What is Radiotherapy for Prostate Cancer?

Radiation therapy, also called radiotherapy, is one of the main treatments for cancer.

Radiation therapy is a safe and effective treatment for prostate cancer and is designed to destroy or injure cancer cells so they cannot multiply. 

Why is Radiation Therapy Used?

The aim of radiation therapy is to:

  • Cure the cancer- some prostate cancer can be cured by radiation therapy alone or combined with other treatments.
  • Control of prostate cancer- radiation therapy can control some cancers by making them smaller or stopping them from spreading.
  • Relieve symptoms- if a cure is not possible, radiation therapy may be used to reduce cancer symptoms and prolong a good quality of life.

How does Radiation Therapy Work?

Radiation TherapyRadiotherapy involves the controlled application of radiation to the cancer cells using high-energy x-rays, gamma rays, electron beams or protons to kill cancer cells using a machine called a 'Linear Accelerator'.

Focusing the radiation on the area to be treated reduces the impact of treatment on healthy areas of the body. Cancerous cells are more susceptible to radiation than healthy, non-cancerous cells and while normal cells can also be damaged they usually recover.

Types of Radiation Therapy for Prostate Cancer

There are two main types of Radiation Therapy:

Are You a Candidate for Radiation Therapy?

In general, radiotherapy is suitable if the cancer is still in the prostate gland and has not spread to other areas of the body.

A number of tests will be carried out to see if radiation therapy will help, including:

  • Checking pathology reports
  • PSA Test
  • Chest X-ray
  • CT scans of abdomen and pelvis
  • Bone scans
  • PSMA PET scans

Radiotherapy Planning for Prostate Cancer

Treatment is individually tailored to improve efficacy, relieve symptoms and to limit side effects.

The radiation therapy involves three steps and is designed to help the radiation therapy team plan and work out the best way to deliver the treatment to your prostate while limiting radiation to the bowel and bladder.

Simulator Planning Session

A catheter is placed into the penis and rectum and small amounts of dye are put into these to help find the exact position of your prostate gland (this can vary between men).

  • Measurements are taken by X-rays from the front and side while lying face down.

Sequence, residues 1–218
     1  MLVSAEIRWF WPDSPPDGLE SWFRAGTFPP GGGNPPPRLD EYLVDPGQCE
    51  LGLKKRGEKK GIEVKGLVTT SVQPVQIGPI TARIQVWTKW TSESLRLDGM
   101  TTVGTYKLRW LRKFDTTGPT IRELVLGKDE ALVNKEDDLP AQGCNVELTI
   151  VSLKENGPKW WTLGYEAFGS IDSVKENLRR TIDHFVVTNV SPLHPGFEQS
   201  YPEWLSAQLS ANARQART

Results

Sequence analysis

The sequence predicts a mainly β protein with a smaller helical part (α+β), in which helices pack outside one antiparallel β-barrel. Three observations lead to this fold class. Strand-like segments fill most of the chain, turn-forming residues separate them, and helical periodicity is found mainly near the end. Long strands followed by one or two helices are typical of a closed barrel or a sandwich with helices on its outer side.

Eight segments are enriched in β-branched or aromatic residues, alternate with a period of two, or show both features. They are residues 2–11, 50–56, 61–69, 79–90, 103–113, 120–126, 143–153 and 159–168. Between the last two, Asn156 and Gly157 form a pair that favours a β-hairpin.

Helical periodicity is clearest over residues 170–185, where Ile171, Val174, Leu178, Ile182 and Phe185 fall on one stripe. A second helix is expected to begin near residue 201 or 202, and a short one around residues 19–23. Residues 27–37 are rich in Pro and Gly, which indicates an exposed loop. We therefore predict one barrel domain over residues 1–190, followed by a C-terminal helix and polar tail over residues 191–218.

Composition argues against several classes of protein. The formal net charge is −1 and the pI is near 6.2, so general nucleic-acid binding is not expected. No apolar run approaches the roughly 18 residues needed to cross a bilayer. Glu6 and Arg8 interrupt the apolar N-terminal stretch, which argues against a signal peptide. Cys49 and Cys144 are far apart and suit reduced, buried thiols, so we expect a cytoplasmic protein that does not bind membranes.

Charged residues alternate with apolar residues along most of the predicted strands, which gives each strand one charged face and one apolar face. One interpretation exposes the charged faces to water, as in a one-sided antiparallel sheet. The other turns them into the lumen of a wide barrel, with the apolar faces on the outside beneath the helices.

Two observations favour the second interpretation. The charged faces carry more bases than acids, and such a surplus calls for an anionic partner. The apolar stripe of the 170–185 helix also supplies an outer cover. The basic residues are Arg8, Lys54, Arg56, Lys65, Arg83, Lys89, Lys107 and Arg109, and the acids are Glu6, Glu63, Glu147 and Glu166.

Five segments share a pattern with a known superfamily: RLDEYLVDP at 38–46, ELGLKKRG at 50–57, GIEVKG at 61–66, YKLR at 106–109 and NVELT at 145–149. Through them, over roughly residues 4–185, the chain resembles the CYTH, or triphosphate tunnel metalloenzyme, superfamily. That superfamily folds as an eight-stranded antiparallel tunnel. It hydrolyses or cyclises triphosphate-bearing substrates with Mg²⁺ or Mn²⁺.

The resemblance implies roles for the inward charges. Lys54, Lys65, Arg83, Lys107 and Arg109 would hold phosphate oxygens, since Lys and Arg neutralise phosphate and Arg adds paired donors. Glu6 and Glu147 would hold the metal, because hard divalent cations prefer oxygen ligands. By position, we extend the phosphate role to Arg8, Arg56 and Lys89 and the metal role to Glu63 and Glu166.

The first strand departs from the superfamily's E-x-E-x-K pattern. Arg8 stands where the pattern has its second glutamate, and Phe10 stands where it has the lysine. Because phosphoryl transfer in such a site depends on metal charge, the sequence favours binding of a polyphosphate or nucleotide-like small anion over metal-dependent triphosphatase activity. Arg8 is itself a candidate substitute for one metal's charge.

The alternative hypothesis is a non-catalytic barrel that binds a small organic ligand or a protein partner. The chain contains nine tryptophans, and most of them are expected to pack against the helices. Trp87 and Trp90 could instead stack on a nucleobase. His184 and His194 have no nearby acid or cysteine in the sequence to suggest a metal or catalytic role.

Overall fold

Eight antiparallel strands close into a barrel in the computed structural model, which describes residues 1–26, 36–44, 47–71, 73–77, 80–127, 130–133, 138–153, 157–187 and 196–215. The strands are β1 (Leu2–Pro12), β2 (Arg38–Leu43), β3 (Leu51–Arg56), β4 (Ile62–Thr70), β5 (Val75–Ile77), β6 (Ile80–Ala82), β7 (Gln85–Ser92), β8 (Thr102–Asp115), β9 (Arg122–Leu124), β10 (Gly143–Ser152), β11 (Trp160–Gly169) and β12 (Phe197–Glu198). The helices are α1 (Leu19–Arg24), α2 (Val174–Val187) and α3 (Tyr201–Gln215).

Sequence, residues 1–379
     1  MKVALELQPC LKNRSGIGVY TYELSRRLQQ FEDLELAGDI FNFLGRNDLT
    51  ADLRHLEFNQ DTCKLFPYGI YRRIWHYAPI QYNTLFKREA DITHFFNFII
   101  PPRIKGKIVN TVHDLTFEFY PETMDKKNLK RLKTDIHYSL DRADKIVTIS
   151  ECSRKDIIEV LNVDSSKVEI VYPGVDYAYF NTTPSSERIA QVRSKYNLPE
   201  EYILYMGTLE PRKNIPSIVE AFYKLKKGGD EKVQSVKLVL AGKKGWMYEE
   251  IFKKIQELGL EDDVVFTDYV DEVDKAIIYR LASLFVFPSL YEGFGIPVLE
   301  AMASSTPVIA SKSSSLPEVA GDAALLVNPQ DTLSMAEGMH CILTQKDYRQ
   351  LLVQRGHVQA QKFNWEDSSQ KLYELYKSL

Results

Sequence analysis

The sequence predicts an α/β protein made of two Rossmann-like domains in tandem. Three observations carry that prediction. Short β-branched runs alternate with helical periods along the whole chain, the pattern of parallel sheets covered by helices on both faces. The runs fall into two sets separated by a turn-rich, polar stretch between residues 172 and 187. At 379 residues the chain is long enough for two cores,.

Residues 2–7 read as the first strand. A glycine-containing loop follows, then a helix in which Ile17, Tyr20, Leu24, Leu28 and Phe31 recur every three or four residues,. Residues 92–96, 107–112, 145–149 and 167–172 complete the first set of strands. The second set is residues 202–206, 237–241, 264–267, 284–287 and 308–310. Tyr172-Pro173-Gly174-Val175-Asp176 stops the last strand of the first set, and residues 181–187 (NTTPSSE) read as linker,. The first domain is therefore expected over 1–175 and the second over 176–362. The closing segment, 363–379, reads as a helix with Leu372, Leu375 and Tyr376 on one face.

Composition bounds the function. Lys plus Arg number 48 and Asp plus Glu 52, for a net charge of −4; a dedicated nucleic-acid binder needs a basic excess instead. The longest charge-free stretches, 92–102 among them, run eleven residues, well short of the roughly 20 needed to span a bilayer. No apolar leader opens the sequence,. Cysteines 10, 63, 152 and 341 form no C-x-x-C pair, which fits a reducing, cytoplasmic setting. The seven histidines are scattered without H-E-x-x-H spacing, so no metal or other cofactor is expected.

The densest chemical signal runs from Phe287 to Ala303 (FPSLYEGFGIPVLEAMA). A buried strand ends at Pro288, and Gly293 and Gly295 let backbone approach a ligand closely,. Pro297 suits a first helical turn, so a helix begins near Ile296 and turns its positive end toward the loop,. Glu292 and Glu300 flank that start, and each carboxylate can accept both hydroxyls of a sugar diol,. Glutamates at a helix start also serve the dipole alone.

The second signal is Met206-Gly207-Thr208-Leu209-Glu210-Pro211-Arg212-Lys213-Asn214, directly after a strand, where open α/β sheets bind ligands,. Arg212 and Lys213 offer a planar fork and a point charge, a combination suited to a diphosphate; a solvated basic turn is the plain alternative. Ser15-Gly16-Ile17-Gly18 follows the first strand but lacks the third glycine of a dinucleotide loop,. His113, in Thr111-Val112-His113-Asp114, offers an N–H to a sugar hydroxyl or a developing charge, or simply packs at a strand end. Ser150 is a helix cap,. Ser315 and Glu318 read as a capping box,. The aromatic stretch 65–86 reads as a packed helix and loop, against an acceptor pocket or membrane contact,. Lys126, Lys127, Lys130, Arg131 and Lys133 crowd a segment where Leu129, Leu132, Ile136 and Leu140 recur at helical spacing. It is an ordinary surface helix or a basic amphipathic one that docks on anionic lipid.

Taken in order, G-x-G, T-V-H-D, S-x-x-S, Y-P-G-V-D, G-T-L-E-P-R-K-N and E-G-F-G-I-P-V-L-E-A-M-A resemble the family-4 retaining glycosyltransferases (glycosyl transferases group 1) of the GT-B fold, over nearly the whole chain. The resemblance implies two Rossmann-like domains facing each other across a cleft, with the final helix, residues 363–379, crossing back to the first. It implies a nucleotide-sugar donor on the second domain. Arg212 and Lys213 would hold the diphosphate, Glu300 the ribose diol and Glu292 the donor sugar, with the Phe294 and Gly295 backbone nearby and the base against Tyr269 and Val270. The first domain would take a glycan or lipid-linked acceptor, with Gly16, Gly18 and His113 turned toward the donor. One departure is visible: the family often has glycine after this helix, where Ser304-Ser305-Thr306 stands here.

• Small marks are made for targeting.
  • It is important to try not to empty your bladder beforehand.
  • This procedure requires no special preparation and is not painful.

Planning CT Scan

This takes place about a week after your simulator planning session and is similar.

  • The CT scan takes pictures of the prostate gland
  • It is important to try not to empty your bladder beforehand, but
  • No catheters are used

Treatment Plan

The radiation therapy team will use the information collected during your simulator planning session and planning CT scan to work out the best way to deliver your treatment.

Side Effects

The bowel and bladder lie next to the prostate gland and during radiotherapy, some of the normal cells of the bowel or bladder may be damaged due to their proximity to the prostate.

Although care is taken so that radiation does not affect these areas, sometimes it is unavoidable.

Short-term side effects may include:

  • A burning feeling when urinating or the need to urinate more often.
  • Bowel movements may become looser and more frequent, and there may be spots of blood and discomfort when emptying the bowel.
  • Many people may also feel a loss of energy and increased lethargy during radiation therapy but this should remedy soon after treatment.
  • For most people side effects settle down within a month of completing treatment, although it may prolong for some.

Long-term side effects may include:

  • A small number of men may develop long term complications from radiation therapy such as frequent rectal bleeding or other bowel problems.
  • Some men may find that treatment affects their sexual function, including erectile dysfunction and discomfort or a lack of fluid during ejaculation.
  • Side effects of radiation therapy differ between men and so it is impossible to determine who will have what side effects.
  • If you suffer any side effects, it is important you let your doctor know as soon as possible so that appropriate help can be given.

Resources are available to help manage any side effects experience.

  • Royal Australasian College of Surgeons
  • Australian and New Zealand Urogenital and Prostate
  • da Vinci Surgery